Department of Psychology
Department of Psychology

Katharine Tillman

Assistant ProfessorPh.D., University of California, San Diego

Katharine Tillman



cognitive development, concepts, language and thought, psychology of time


Katharine Tillman received her Ph.D. in Psychology from the University of California, San Diego in 2017. Her work explores how we acquire abstract concepts that go beyond what we can directly perceive in the world. She is particularly interested in how young children think about time, and how language and other forms of cultural learning shape time concepts during cognitive development. Other current projects are exploring how children learn about the domains of color, number, and causality. 


PSY 394S • Graduate Writing Workshop-Wb

43030 • Spring 2021
Meets F 9:00AM-12:00PM
Internet; Synchronous

This course aims to provide graduate students with tools to create and maintain a consistent writing practice and meet their research goals. In the workshop, students will track their writing, discuss challenges and progress in a supportive community, and receive feedback on written work.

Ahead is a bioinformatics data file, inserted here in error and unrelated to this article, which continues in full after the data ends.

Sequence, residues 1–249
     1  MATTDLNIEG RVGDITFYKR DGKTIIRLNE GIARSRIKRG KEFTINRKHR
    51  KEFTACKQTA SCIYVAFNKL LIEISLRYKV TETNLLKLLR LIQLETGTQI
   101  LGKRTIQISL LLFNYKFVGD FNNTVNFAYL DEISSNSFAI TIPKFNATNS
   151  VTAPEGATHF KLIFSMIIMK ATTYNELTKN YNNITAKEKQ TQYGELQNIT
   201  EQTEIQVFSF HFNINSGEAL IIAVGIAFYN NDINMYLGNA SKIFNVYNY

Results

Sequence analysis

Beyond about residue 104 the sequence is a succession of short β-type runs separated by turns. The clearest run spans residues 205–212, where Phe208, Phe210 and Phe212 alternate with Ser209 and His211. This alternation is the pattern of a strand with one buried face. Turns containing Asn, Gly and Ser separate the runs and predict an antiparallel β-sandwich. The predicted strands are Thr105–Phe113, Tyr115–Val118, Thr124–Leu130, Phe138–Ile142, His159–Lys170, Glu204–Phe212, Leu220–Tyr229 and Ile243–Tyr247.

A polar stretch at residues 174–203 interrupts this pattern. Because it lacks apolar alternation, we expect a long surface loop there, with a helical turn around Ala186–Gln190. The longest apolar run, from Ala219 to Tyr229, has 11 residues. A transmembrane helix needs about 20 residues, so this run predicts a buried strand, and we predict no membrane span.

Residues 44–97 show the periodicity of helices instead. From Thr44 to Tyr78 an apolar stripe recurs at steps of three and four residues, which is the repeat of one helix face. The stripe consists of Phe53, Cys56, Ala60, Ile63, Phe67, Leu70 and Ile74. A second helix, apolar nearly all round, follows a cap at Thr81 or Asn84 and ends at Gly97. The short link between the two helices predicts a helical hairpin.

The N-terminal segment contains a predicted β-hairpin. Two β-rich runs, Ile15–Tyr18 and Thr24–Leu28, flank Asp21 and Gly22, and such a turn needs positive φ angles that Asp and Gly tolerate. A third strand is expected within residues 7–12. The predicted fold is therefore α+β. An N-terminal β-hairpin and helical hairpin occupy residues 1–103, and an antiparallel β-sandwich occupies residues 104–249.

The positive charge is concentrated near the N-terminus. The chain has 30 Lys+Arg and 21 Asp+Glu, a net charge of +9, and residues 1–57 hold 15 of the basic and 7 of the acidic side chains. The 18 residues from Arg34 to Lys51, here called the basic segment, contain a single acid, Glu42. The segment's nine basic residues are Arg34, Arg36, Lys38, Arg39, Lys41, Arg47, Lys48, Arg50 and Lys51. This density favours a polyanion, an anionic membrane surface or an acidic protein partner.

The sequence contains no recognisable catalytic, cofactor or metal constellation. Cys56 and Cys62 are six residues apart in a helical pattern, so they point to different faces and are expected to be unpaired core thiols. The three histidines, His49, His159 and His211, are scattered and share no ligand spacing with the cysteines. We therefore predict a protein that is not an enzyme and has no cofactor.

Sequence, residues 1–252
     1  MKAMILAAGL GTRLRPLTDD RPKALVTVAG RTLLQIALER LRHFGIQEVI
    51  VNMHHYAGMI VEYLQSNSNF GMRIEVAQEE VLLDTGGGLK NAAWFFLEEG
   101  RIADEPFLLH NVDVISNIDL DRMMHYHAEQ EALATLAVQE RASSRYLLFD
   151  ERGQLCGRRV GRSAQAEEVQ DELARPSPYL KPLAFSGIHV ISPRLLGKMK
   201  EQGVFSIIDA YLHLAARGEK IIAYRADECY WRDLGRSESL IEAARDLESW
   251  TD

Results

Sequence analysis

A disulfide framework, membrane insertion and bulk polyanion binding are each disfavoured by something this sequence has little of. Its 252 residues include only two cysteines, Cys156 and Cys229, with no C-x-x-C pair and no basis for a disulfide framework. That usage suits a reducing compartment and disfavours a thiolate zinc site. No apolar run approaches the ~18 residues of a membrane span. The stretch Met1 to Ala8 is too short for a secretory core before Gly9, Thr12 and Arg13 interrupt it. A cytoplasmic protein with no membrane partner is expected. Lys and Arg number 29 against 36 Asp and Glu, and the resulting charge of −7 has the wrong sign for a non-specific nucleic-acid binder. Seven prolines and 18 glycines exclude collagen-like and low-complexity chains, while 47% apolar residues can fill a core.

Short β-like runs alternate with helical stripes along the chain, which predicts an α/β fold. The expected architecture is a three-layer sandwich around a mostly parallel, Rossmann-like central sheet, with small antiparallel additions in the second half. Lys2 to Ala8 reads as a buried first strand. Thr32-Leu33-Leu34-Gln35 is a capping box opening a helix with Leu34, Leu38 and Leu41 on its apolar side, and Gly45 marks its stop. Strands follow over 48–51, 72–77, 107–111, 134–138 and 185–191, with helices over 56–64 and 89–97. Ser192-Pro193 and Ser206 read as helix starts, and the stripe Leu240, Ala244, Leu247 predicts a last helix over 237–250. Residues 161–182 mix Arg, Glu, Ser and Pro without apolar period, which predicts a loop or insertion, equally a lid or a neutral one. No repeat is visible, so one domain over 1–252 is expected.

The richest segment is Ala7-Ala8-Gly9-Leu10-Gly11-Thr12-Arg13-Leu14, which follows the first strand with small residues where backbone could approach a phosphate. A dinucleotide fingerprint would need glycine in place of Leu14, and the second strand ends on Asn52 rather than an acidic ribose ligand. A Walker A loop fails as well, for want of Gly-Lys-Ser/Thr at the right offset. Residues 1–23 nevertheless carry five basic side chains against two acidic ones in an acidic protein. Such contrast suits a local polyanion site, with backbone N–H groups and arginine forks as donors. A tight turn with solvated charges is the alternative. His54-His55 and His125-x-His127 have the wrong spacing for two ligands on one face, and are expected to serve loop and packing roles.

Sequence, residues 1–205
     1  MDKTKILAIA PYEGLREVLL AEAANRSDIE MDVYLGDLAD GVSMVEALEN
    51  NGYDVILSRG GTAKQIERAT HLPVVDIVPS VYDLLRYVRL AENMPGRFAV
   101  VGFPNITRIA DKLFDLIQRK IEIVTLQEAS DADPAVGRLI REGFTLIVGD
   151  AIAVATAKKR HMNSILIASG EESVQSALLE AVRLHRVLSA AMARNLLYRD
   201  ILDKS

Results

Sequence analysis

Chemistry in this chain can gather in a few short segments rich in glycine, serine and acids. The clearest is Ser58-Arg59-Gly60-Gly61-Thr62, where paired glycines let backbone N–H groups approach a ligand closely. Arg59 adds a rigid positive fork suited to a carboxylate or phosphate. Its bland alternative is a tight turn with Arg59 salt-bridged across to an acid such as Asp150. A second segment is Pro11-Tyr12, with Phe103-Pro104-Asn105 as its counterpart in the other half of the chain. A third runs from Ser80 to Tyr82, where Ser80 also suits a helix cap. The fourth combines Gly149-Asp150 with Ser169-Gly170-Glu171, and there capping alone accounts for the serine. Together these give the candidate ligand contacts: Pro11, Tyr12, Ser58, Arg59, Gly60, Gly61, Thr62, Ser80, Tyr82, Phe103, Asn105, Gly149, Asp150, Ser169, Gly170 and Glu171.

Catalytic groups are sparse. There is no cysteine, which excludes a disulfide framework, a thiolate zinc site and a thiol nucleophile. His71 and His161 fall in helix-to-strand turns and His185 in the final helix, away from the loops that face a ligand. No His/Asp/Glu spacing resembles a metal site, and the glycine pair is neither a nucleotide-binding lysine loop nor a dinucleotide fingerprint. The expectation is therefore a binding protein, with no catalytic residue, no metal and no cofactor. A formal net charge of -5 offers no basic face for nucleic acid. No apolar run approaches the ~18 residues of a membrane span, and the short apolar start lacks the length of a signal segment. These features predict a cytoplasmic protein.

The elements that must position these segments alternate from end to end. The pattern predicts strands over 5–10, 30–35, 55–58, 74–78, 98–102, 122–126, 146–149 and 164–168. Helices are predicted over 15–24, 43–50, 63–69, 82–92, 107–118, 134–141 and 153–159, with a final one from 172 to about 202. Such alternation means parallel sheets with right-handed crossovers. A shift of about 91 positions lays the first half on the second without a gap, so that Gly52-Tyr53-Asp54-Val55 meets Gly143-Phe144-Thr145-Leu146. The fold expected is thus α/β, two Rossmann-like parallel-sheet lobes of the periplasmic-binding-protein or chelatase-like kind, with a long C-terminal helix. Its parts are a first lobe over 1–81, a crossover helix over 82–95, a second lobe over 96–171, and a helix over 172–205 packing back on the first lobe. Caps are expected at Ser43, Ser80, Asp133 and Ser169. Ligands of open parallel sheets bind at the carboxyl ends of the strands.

PSY 394S • Graduate Writing Workshop

42205 • Spring 2020
Meets F 9:00AM-12:00PM SEA 1.332

Seminars in Developmental Psychology. Three lecture hours a week for one semester. May be repeated for credit when the topics vary. Prerequisite: Graduate standing and consent of instructor.



Tillman, K. A., Tulagan, N., Fukuda, E., & Barner, D. (2018). The mental timeline is gradually constructed in childhood. Developmental Science, e12679.

Tillman, K. A., Marghetis, T., Barner, D., & Srinivasan, M. (2017). Today is tomorrow’s yesterday: Children’s acquisition of deictic time words. Cognitive Psychology, 92, 87-100.

Wagner, K., Tillman, K. A., & Barner, D. (2016). Inferring number, time, and color concepts from core knowledge and linguistic structure. Core Knowledge and Conceptual Change. Oxford University Press.

Tillman, K. A. & Barner, D. (2015). Learning the language of time: Children's acquisition of duration words. Cognitive Psychology, 78, 57-77.

Pelli, D. G., & Tillman, K. A. (2008) The uncrowded window of object recognition. Nature Neuroscience, 11(10):1129 – 1135.

Pelli, D. G., Tillman, K. A., Freeman, J., Su, M., Berger, T. D., & Majaj, N. J. (2007) Crowding and  eccentricity determine reading rate. Journal of Vision, 7(2):20, 1-36.

Pelli, D. G., & Tillman, K. A. (2007) Parts, wholes, and context in reading: A triple dissociation. PLoS ONE 2(8): e680.

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    The University of Texas at Austin
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    Austin, TX 78712-1043